The Downside to an Economic Recovery

Unemployment is down. Construction starts are up. While this is generally good news, we have to be wary of inflation in construction costs. The downside of prices dropping 20% a few years ago is that they will have to rise 25% to get back to where they were. 

Union labor costs have not gone down on an hourly basis, and while there was some softening in material prices, it was mostly offset by the continued rise of fuel prices. Essentially, all of the price drops came from 1) increased productivity from the remaining employed craftspeople, who were the best of the best, and 2) tighter margins for contractors.

This is the shortcoming of most of the published cost indices - they only address material, hourly labor costs, and equipment costs, so they don’t accurately reflect the wild swings caused by 1 and 2.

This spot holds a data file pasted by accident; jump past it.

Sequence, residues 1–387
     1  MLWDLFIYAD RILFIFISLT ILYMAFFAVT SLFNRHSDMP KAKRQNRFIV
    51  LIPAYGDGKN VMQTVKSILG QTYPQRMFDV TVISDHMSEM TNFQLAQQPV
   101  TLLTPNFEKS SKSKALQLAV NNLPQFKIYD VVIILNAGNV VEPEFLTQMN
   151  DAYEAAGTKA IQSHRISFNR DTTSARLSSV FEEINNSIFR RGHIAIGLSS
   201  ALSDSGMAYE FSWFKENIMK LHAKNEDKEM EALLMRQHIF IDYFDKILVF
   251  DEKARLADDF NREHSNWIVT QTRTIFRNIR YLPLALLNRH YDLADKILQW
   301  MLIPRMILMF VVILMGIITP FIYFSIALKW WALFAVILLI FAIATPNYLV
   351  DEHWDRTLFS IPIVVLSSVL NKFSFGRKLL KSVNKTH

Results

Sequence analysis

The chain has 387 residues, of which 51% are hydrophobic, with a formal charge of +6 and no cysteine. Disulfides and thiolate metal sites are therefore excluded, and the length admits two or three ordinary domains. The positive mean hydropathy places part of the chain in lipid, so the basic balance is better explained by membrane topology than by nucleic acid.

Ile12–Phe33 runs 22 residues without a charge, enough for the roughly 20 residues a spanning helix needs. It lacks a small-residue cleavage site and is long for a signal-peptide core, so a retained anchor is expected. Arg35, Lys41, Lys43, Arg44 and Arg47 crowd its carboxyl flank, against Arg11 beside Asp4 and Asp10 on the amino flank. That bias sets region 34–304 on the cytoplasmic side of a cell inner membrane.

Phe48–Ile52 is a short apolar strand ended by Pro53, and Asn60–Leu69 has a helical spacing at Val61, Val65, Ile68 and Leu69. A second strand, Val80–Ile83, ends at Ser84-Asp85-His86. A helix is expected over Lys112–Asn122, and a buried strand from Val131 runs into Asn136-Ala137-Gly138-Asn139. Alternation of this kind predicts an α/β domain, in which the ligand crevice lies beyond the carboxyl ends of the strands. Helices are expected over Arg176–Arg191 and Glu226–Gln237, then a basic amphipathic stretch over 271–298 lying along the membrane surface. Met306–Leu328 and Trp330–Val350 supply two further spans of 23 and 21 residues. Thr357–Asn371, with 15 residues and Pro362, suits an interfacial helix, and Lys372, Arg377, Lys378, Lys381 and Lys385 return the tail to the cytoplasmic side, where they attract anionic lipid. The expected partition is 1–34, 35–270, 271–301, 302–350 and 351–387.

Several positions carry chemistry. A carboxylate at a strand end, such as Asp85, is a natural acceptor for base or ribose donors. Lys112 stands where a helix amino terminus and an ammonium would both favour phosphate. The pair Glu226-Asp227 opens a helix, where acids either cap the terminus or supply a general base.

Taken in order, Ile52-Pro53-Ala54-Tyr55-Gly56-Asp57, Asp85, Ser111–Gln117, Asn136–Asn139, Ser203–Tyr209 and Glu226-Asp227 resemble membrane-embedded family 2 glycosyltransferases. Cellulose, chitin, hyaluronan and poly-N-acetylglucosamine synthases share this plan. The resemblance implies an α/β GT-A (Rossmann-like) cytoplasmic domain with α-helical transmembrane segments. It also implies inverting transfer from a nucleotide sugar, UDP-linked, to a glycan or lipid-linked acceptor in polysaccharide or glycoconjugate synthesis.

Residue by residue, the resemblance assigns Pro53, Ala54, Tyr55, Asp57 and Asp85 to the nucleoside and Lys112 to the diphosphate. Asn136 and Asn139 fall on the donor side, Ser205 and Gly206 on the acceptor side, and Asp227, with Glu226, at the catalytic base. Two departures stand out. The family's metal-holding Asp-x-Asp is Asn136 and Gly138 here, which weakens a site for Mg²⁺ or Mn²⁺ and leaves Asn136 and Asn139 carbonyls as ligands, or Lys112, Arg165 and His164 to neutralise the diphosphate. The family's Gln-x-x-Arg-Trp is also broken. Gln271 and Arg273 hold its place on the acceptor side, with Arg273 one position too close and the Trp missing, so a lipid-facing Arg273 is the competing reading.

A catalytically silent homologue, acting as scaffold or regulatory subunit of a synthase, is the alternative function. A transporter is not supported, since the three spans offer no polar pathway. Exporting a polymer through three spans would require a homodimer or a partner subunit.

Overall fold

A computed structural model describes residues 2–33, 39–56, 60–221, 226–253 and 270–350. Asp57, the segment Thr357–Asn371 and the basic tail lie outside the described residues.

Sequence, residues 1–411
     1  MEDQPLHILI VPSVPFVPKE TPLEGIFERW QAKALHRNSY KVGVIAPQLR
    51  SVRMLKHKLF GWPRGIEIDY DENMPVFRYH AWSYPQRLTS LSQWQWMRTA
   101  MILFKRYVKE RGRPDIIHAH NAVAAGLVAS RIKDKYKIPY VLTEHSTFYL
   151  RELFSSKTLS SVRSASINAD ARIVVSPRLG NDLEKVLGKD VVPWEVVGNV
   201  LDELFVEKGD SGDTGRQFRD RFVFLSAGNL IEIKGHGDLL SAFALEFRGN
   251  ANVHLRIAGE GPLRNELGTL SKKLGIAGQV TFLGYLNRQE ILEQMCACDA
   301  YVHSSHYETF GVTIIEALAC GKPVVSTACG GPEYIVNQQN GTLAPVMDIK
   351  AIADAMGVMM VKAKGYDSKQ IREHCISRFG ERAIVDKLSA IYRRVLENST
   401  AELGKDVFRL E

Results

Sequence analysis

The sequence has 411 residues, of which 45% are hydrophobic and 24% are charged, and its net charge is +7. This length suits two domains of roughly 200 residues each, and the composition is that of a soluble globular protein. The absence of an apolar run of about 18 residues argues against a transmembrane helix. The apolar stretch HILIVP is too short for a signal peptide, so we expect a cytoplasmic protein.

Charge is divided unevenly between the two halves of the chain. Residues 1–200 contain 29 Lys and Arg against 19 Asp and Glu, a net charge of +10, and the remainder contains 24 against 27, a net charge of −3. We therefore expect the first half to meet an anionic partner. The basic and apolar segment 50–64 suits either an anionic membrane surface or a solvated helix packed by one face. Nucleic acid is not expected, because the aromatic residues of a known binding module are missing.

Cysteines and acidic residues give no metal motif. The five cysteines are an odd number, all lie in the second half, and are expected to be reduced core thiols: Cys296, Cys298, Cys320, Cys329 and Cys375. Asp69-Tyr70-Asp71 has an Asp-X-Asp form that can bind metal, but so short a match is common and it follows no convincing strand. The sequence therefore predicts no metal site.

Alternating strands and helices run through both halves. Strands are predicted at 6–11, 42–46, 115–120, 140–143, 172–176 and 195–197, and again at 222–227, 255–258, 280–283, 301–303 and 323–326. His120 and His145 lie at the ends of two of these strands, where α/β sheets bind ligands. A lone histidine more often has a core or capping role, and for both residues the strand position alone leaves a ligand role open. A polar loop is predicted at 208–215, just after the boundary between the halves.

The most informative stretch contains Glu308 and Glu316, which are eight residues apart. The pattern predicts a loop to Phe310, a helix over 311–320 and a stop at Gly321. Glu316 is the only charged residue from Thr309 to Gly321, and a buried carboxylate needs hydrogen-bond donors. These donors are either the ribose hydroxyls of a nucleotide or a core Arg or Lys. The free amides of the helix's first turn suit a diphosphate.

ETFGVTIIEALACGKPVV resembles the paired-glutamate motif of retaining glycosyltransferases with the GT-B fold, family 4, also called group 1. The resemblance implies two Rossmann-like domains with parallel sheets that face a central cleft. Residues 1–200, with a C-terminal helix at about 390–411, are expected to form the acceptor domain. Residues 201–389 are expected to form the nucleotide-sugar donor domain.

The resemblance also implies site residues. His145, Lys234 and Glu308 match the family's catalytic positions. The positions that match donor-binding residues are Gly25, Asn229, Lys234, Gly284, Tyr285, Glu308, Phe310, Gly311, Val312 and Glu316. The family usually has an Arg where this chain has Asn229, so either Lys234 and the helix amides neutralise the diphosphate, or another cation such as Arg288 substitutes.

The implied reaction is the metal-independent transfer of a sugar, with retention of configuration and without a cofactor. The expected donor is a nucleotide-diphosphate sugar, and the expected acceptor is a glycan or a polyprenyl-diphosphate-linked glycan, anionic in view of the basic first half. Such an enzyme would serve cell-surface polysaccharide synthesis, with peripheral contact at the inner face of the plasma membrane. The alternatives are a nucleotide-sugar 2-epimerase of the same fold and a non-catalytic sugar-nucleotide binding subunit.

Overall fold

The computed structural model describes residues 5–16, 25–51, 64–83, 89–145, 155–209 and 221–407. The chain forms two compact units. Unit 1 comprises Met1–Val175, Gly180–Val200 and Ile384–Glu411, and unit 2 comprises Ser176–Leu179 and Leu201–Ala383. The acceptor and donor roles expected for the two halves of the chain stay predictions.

Blach spends quite a bit of effort reaching out to our partners, especially subcontractors and design firms, to see what they are experiencing in the local markets. In addition, we are very active in trade organizations such as AGC, LCI, and ASPE, to keep up with the state of the industry. 

The good, nay GREAT, news is that the Bay Area is the brightest spot in the construction universe. With several billion dollar projects underway, most visibly the 49ers stadium and the Apple headquarters, local capacity is being absorbed.

What keeps me up at night, the Kobayashi Maru as it were, is clients who set their budgets in 2009, at the nadir of the recession, and have finally got the funds in place for their projects. (For you non-Trekkies, the Maru was a test for Star Fleet cadets that had no solution.)

So, our advice. If you have a project ready to go, get going NOW. If the design is not complete, team with your favorite builder to start letting early packages, using design/build or design/assist if possible. Be very concerned about the financial stability of your contractor and subcontractors – recoveries are when contractors go under. Use bonds or Subguard. Material prices and manufacturing capacity are not a problem since the rest of the world is still floundering, but that won't last forever. 

Posted on April 04, 2013 by David Kramer
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